The fake news virus

07 July 2021
Mauren esquivel

According to WHO, the COVID-19 crisis has been accompanied by the phenomenon of the infodemic; that is, a massive amount of information (some not correct, others not) on a specific topic, which makes it difficult for people to find reliable and trustworthy sources when they need it. This generation and dissemination of information in a context in which millions of people can produce and share content from their cell phones or computers can reach levels of magnitude that are difficult to understand; like, for example, that in 2020, in a minute, they shared on average 500 hours of video on YouTube; 347,222 stories on Instagram; and 42 million messages on WhatsApp. Never in the history of humanity have we had this ability to communicate.

But as the WHO points out, in the context of a pandemic, this capacity has become a particularly dangerous factor, as the number of false news and conspiracy theories about COVID-19, its affectations or vaccination. From associating the virus with mobile; promote false remedies ; or spread fear about vaccination. This type of false information knows no borders and affects all countries; and as mentioned in the previous blog, it can influence compliance with the vaccination goals, so necessary to get out of the crisis.

Of course, fake news is not new, it has been followed for years and studied as the social phenomenon that it is. In 2018, it had already been analyzed that fake news move and they are shared faster than real news, in fact they are 70% more likely to be shared than real news; being people the main responsible, and not armies of bots or computer programs.

Behind this phenomenon of sharing fake news are the so-called cognitive biases, which as the Nobel Prize explains Daniel kahnemanThey are irrational mental shortcuts that affect our decisions, where our beliefs, our reference groups, and our experiences count. And while it is difficult to measure these cognitive biases, Facebook and the Economist Intelligence Unit, as part of its initiative to measure the internet inclusion, have applied a question to internet users from 120 countries, about the level of trust they have in the information shared on social networks from other users. This allows us to discern between the risk that countries have of being more affected than others by fake news.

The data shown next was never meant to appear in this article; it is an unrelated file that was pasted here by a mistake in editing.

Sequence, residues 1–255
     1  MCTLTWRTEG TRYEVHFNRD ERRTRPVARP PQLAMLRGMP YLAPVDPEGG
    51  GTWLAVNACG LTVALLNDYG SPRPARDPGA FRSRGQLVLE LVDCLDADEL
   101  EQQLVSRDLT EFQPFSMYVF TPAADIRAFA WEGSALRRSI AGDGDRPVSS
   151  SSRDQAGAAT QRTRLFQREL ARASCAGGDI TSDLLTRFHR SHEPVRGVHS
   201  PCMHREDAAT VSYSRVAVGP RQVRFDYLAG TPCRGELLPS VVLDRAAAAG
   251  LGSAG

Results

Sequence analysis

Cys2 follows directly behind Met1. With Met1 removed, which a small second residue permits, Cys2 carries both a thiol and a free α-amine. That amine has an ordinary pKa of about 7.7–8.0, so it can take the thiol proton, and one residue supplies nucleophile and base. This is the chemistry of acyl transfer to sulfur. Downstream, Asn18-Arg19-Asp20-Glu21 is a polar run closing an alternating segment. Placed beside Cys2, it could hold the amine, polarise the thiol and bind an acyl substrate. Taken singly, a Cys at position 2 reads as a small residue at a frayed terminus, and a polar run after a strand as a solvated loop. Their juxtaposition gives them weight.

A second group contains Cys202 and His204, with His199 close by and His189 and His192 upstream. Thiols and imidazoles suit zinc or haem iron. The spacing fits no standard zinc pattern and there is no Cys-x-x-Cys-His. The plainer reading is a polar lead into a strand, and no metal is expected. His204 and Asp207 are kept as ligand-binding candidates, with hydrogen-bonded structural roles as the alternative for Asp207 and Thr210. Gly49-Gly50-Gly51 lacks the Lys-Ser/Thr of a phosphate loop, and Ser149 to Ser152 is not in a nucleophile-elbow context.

Thus, Nigeria and Pakistan stand out, where 50% of internet users widely believe in content shared on social networks, being the most credulous of the countries evaluated; In contrast, the most skeptical are Bulgaria and New Zealand with less than 13% of users widely believing information shared on social media by other users.

In the region, Costa Rica with 18% and Panama with 20% are the countries with the lowest percentage of Internet users who widely trust the content of social networks shared by other users; In contrast, Honduras with 32% and Nicaragua with 34% are the countries that trust the most. If we compare with the United States, as a reference, the level of confidence in these contents is 41.8%.

Map 1. Percentage of internet users who widely trust social media content shared by other users.

Source: Prepared by INCAE with data from the Inclusive Internet Index.

Faced with this phenomenon, different efforts have arisen by organizations, governments, companies, the media and civil society to counteract misinformation with filters and information verification mechanisms. And while these efforts are necessary, quality education has been found to be the best filter to defuse fake news. In the region this is clear when the average years of education of Internet users are contrasted, and it is found that the fewer years of education, the more percentage of users trust the content of social networks widely, making them more likely to share false news. .

Graph 1. Relationship between trust in social media content shared by other users and the users' average years of education.

Source: Prepared by INCAE with data from the Inclusive Internet Index.

Finally, the pandemic has reminded us that this phenomenon must be given the importance it requires, since not only have doubts been sown in medicine and science, but also it has cost lives. And it is clear that this phenomenon will continue to be a risk factor for all social dynamics, affecting the social contract, and threatening to destabilize the democraciaplatforms, public debate, our freedoms, and the functioning of our societies. So you have to start taking it seriously, and address it in a coordinated way with governments, the media, companies, civil society and a lot of individual responsibility.